There’s “still a lot more to come” in the Financial Industry Regulatory Authority’s top-to-bottom review via its FINRA360 initiative, Robert Cook, the broker-dealer self-regulator’s CEO, said Wednesday.
“It’s doing great; we’ve got a lot of accomplishments under our belt at this point,” Cook said during a question and answer session at FINRA’s annual conference in Washington. He noted the recent release of the one-year progress report, which includes 50 pages of updates.
“We’ve managed to get a lot done through engagement with our members,” Cook said, including initiatives involving transparency, FINRA operations, its organizational structure as well as its budget.
Continuing its retrospective review of rules is also on FINRA’s to-do list as well as new innovations, like the launch of FINRA’s new fintech office.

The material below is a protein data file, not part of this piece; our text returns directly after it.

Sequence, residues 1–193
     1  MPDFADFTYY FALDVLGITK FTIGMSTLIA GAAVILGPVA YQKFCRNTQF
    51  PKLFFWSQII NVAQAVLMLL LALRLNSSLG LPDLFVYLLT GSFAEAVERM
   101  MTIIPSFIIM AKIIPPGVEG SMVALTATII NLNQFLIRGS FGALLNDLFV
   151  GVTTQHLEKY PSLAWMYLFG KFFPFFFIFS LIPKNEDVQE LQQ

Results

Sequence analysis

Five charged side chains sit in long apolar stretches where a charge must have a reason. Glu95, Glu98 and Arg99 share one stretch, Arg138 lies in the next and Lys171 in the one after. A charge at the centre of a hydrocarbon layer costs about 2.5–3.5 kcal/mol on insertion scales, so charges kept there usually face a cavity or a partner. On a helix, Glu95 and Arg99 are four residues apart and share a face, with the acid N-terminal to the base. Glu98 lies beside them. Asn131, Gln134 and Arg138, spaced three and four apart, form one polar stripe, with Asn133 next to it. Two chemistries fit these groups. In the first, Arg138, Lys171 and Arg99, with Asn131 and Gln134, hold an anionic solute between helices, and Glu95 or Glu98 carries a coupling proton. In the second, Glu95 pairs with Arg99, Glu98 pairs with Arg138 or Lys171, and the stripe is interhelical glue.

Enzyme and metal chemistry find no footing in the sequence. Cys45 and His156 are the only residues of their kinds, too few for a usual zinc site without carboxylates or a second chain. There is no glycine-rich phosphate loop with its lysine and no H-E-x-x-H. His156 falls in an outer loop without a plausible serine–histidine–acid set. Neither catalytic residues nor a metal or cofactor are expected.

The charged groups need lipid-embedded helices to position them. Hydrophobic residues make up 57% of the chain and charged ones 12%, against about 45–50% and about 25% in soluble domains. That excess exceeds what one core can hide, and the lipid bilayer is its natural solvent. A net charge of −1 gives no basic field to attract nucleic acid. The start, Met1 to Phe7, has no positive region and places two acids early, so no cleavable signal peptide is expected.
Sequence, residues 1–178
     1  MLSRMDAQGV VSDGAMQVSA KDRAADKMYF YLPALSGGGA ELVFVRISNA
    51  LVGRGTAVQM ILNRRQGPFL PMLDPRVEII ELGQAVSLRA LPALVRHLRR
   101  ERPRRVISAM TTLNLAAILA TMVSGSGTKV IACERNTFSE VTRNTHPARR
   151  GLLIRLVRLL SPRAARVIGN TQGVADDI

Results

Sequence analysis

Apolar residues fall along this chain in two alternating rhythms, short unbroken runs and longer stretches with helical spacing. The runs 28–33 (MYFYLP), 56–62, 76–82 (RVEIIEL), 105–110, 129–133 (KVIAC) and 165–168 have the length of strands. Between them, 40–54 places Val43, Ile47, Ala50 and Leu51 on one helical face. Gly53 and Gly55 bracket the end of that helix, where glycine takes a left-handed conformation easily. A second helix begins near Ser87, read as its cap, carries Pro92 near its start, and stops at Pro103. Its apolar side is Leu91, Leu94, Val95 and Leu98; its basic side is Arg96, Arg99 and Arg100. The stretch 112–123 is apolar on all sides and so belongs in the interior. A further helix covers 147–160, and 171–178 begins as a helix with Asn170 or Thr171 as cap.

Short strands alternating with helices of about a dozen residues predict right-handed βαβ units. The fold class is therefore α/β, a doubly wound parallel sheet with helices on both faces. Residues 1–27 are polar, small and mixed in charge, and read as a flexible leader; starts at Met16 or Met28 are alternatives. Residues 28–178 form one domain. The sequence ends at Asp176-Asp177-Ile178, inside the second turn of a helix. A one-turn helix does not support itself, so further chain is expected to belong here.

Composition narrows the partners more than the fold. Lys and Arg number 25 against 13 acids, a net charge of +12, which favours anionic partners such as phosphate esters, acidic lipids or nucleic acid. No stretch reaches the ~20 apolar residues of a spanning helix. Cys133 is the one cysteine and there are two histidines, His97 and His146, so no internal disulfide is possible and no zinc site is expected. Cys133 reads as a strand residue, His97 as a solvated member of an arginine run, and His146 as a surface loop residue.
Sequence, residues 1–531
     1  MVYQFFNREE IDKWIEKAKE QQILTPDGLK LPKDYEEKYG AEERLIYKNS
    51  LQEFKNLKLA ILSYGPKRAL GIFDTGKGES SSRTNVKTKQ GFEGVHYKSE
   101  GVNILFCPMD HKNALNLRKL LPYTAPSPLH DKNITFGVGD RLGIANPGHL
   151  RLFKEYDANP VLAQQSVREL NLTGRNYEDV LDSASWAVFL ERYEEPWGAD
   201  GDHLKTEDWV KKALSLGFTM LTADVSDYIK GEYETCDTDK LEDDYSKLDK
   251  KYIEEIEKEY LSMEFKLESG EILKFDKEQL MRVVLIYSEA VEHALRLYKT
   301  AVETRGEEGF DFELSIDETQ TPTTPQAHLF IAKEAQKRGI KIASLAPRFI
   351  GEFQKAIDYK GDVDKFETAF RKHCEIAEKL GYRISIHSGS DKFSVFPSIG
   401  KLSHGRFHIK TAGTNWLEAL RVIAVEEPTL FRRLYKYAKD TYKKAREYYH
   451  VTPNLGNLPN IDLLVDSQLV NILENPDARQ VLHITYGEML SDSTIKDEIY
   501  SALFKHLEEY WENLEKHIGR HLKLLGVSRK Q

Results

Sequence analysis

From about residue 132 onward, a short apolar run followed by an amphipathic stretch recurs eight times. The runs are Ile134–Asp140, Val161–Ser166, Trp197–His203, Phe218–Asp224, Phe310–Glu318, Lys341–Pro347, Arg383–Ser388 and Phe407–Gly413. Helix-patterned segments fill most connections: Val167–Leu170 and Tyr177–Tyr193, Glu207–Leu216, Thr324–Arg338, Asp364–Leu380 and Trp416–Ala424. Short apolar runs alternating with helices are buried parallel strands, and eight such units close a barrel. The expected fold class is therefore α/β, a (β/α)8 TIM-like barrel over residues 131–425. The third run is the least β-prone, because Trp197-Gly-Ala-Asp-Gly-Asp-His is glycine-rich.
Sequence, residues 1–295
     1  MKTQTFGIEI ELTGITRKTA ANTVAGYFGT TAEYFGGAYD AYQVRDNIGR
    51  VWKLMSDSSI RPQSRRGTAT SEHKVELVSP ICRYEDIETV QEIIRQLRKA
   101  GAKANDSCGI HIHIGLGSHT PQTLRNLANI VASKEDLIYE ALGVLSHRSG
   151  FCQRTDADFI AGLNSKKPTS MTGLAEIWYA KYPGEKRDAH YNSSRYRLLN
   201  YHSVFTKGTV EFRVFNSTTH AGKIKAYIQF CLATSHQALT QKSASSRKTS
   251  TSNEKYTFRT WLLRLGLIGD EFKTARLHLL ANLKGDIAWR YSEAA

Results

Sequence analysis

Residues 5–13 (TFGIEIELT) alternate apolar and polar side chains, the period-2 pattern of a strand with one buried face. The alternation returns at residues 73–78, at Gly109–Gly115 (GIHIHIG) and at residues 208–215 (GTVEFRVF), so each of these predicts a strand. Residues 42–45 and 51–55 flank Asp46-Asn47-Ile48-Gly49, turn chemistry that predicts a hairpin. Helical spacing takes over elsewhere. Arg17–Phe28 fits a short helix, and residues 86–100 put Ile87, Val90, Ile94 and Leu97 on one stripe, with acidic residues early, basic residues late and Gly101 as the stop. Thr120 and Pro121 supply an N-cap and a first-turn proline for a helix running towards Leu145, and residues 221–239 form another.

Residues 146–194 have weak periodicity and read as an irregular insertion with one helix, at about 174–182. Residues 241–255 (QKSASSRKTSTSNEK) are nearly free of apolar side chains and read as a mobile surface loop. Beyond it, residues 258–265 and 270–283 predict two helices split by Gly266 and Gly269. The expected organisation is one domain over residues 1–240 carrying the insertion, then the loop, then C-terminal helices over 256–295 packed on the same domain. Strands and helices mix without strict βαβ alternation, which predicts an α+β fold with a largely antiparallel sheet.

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Rules that could get another look include those that involve protecting seniors, Cook said. For instance, one question that has come up recently, Cook said, “is whether brokers or reps should be able to be the beneficiaries of their clients. That’s an interesting question.”
“There’s a lot more to come,” Cook said. “What I see as the fuel that drives good changes like this is an engagement with our stakeholders … Where I see FINRA360 going is transitioning to embedding this idea of continuous improvement into our operations. We have a cycle of listening, reflecting and then acting.”
As to the Consolidated Audit Trail: “CAT is coming,” Cook warned. For the broker-dealer industry, “the first wave of testing” will be coming later this year, he said. FINRA is now the CAT processor. Cook advised attendees to check out CAT’s progress at catnmsplan.com to see the “specs that firms should be working on.”